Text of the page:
Research shows that spending time outdoors has many positive effects on your health. With a little imagination, one can find many year round activity options in Northeastern Pennsylvania. While swimming, boating, kayaking, biking and golfing may be winding down, consider other options this winter. With proper equipment and clothing, walking, running, hiking, fat-tire biking, snowshoeing, cross-country and downhill skiing can be enjoyed. Studies show that even less vigorous activities such as barbequing or reading a good book on the porch are healthier than being indoors... so bundle up next to a good fire pit or outdoor propane heater and get outdoors!
Even before the pandemic, it was reported that Americans spend 90% of their lives indoors and that number increases with age. Worse yet, for some, venturing outdoors is considered risky behavior with fear of the sun, heat, ticks, wind, cold, mosquitoes and other creatures of God. Well, the truth of the matter is the risk of being one with nature is far less than the ill effects of a life stuck indoors. Please consider the following benefits of spending time outdoors.
Nature’s Vitamin D – Current research suggests that Vitamin D (The Sunshine Vitamin), may offer significant disease prevention and healing powers for osteoporosis, some forms of cancer and heart disease. Of all the methods of getting an adequate amount of Vitamin D, none is more fun than spending time outdoors in the sunlight. It seems that health concerns of ultraviolet light, sun burn and skin cancer have created an overreaction to the point of Vitamin D deficiency in many. Balance and common sense go a long way. One can attain normal levels of Vitamin D by being outdoors in the sun and exposing their arms and legs for 10 -15 minutes a few times per week. Additional time in the sun warrants sunscreen and Vitamin D supplements can be used if necessary.
Increase Activity Level – While exercising indoors in a gym is valuable, research shows that time spent indoors is associated with being sedentary and being sedentary is associated with obesity, especially in children. Some studies show that children in the United States spend an average of 6 ½ hours per day with electronic devices such as computers, video games and television. It is also reported that a child’s activity level more than doubles when they are outdoors. So, get out of the office, house and gym as often as possible. Consider weight training at the gym and doing cardio by walking, biking or running outdoors.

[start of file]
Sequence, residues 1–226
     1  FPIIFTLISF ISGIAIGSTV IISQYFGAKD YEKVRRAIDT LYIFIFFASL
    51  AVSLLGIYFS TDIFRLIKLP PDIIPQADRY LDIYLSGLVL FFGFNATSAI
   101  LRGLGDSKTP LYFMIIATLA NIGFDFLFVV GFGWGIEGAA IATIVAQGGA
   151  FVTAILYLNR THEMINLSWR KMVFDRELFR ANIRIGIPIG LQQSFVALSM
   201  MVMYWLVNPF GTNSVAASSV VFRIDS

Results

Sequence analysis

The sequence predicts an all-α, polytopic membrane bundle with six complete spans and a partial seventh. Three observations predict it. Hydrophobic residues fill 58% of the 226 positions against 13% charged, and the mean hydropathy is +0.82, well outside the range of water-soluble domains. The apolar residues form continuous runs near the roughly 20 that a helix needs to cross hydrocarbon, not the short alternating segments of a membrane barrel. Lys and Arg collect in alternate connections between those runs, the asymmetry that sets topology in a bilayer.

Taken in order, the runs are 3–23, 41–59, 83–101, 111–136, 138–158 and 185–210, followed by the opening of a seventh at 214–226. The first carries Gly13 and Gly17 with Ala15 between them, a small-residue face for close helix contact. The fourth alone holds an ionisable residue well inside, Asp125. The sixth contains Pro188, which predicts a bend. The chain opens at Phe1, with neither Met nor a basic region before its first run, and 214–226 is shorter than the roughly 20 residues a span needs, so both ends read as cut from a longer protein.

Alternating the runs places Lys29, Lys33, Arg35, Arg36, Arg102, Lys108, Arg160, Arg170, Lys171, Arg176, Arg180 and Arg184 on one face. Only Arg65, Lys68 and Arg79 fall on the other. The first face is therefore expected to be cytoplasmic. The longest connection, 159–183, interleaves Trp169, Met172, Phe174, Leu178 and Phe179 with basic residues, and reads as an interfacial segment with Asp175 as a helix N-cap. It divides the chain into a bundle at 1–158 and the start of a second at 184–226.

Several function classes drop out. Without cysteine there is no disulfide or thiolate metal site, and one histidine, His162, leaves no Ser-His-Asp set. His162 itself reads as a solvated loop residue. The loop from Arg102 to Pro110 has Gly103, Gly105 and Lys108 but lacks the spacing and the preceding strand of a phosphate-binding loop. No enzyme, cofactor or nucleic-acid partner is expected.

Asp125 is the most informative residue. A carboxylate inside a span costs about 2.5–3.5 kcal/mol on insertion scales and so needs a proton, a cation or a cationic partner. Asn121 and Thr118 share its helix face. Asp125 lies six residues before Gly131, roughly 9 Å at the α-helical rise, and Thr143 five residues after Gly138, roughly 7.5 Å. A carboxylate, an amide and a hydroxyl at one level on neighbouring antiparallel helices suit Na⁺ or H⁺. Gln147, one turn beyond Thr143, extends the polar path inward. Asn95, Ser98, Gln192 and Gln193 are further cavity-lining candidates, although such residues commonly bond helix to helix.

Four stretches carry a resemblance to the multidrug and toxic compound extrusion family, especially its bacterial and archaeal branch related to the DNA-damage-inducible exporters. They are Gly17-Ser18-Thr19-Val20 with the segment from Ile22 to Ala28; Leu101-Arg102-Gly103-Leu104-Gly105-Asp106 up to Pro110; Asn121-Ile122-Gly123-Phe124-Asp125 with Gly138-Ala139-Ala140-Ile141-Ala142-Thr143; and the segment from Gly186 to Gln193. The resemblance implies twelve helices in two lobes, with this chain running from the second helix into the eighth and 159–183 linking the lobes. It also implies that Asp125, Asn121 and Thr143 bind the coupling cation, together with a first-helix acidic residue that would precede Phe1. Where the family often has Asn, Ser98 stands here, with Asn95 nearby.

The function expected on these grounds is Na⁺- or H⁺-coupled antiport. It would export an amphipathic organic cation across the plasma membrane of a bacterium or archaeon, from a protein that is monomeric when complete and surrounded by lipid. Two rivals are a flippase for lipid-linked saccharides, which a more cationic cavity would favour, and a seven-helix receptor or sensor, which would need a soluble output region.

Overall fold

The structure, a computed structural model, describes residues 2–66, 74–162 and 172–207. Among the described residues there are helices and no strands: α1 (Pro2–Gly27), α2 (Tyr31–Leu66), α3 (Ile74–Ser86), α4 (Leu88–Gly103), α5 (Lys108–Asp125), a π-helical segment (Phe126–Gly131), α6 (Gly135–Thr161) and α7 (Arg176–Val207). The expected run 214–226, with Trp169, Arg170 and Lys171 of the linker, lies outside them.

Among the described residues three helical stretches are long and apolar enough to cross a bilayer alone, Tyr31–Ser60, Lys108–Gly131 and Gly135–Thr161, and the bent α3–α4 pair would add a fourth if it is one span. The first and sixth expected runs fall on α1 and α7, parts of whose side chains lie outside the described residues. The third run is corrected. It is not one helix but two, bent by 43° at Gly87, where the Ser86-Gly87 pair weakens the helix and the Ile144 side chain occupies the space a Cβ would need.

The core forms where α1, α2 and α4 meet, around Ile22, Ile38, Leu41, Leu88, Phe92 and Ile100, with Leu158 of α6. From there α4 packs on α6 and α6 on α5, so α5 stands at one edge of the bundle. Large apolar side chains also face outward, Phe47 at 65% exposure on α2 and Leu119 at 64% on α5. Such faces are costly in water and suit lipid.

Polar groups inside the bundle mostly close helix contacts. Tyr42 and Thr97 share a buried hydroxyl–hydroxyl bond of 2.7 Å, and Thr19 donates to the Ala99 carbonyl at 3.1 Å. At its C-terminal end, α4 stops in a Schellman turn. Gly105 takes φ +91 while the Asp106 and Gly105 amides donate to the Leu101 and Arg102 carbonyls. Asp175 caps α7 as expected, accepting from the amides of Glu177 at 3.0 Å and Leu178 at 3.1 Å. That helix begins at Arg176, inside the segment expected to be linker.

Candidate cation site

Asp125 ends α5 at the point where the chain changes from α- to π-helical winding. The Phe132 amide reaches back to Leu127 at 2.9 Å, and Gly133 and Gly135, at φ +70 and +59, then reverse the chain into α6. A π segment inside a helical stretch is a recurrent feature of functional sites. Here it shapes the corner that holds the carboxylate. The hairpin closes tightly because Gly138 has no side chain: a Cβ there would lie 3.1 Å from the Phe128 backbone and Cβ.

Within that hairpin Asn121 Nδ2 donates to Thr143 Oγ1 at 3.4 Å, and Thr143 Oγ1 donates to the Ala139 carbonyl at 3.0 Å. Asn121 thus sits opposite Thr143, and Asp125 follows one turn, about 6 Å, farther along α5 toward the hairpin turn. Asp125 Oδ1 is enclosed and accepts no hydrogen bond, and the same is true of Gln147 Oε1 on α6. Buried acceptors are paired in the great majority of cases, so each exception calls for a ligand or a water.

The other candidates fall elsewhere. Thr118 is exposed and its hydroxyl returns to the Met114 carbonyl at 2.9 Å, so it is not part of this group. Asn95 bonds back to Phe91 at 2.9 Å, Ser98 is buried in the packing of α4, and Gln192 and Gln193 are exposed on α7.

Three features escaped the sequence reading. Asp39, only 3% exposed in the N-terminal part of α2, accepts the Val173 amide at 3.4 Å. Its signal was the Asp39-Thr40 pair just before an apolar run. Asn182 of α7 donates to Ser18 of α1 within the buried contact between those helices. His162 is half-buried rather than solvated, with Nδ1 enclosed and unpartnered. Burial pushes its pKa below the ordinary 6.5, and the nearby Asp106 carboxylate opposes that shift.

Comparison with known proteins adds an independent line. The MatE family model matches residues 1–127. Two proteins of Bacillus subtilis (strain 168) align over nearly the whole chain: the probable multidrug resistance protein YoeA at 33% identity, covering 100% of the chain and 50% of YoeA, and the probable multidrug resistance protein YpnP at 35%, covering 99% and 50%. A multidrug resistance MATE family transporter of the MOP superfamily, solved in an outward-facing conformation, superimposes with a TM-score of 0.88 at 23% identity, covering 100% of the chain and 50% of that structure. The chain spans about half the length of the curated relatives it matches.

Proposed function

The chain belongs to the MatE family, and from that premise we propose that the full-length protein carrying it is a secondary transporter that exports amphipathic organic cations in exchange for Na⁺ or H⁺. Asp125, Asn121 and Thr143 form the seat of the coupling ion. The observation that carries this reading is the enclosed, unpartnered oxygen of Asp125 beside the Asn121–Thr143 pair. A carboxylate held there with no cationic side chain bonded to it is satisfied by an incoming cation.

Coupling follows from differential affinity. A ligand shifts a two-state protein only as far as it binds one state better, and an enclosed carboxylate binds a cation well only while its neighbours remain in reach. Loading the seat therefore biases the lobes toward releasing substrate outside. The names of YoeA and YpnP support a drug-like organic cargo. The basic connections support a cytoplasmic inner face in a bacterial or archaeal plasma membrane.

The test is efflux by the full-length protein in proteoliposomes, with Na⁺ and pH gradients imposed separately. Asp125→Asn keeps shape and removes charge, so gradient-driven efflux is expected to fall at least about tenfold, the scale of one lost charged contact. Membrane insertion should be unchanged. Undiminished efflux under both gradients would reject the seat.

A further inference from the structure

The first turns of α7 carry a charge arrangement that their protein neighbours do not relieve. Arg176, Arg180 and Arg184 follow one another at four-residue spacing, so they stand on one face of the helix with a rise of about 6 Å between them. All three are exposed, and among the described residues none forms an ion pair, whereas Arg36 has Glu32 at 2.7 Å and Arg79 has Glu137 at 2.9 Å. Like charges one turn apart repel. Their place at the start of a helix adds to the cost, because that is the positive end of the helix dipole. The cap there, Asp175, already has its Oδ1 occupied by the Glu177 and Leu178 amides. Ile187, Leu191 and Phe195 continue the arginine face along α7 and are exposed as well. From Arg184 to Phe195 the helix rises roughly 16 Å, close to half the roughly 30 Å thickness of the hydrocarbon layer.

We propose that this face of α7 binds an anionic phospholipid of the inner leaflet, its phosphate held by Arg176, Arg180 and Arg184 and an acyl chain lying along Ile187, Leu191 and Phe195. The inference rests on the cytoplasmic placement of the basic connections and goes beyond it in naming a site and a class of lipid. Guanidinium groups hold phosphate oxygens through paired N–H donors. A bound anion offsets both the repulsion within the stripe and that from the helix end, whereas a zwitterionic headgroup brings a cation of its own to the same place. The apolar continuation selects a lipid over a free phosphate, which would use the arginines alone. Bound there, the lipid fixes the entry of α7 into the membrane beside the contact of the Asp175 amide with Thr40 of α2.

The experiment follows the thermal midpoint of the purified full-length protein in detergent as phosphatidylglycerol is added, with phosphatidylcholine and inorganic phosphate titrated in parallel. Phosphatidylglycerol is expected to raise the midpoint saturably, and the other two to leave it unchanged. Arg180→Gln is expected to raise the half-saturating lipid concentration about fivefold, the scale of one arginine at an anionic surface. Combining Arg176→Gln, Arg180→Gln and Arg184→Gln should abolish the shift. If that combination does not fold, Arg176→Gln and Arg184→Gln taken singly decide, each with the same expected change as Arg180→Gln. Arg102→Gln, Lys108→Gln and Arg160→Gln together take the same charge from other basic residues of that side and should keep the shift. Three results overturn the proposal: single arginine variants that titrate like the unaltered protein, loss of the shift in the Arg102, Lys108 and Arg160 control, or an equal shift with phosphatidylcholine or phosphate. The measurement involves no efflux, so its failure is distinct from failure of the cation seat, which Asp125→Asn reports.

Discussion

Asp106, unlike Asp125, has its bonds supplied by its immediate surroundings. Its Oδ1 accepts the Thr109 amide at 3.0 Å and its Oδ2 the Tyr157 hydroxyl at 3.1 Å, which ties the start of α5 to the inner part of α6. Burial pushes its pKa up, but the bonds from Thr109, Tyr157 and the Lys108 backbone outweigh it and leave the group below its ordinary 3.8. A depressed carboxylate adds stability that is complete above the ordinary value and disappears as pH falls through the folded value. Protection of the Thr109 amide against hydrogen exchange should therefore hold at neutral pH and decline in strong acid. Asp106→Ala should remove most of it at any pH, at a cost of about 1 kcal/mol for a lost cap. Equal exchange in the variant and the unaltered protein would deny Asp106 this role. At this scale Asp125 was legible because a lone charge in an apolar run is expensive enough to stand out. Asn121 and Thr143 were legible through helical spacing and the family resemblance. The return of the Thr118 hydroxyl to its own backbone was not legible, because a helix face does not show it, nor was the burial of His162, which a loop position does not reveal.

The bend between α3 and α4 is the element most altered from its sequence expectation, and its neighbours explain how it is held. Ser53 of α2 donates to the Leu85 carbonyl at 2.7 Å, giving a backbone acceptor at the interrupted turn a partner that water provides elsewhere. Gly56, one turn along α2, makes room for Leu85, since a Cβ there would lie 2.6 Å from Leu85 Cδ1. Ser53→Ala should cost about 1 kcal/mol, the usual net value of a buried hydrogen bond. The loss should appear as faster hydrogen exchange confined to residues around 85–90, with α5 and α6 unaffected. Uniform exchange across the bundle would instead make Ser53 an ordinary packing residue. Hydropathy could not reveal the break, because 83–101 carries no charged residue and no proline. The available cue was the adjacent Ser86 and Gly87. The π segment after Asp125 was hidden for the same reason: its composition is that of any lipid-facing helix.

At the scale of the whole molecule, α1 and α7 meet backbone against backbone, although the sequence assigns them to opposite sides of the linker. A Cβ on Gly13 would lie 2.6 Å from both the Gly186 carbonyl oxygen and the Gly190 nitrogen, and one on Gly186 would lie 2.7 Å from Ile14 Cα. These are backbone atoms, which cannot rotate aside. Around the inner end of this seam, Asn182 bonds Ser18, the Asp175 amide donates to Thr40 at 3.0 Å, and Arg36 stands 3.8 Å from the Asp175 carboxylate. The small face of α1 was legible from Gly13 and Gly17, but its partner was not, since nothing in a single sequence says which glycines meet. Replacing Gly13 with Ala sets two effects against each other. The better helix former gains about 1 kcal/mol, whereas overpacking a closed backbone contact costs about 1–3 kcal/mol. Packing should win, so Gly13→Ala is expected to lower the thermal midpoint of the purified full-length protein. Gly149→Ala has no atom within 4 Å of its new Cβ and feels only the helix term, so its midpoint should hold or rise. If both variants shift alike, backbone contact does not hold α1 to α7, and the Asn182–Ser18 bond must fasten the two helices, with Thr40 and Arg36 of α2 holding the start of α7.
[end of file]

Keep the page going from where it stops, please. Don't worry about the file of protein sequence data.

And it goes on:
Improved Mental Health – It is well documented that light affects mood. So, unless you live in a glass house or a light box, getting outdoors is important to your mental health. Furthermore, studies show that exercising outdoors in the presence of nature, even for as little as 5- 10 minutes has additional mental health benefits. For those less active, read or listen to music outdoors next to a fire.
Improved Concentration – Richard Louv, author of the book, “Last Child in the Woods,” coined the term, nature-deficit disorder.” This term is supported by research that found children with ADHD focus better when outdoors. Furthermore, it was discovered that these children scored higher on concentration tests following a walk in the park than they did after a walk in their residential neighborhoods or downtown areas, showing the benefit of the “green outdoors.”
Improved Health and Healing – Researchers at the University of Pittsburgh found that patients recovering from surgery recovered faster with less pain and shorter hospital stays when they were exposed to natural light. Next time you’re recovering from an illness, discuss this with your physician.
Improved Breathing – In general, breathing fresh air is good for you. Some exceptions might be those with severe allergy problems when the pollen count is high. In spite of this, it may be better to take allergy medicine and enjoy the benefits of being outdoors than to be stuck inside. Many pulmonologists believe people with pulmonary problems would benefit from outdoor activities such as a 10-15 minute walk because they are prone to osteoporosis and Vitamin D deficiency. Local pulmonologist, Dr. Gregory Cali, DO, agrees and also adds that studies do not show that high humidity is dangerous for respiratory patients but it may be uncomfortable. In cold temperatures, those with pulmonary problems must avoid directly breathing cold air by covering up their mouths when walking outdoors. Overall, the benefits far outweigh the risks.
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This article is not intended as a substitute for medical treatment. If you have questions related to your medical condition, please contact your family physician. For further inquires related to this topic email: email@example.com
Paul J. Mackarey PT, DHSc, OCS is a Doctor in Health Sciences specializing in orthopaedic and sports physical therapy. Dr. Mackarey is in private practice and is an associate professor of clinical medicine at GCSOM.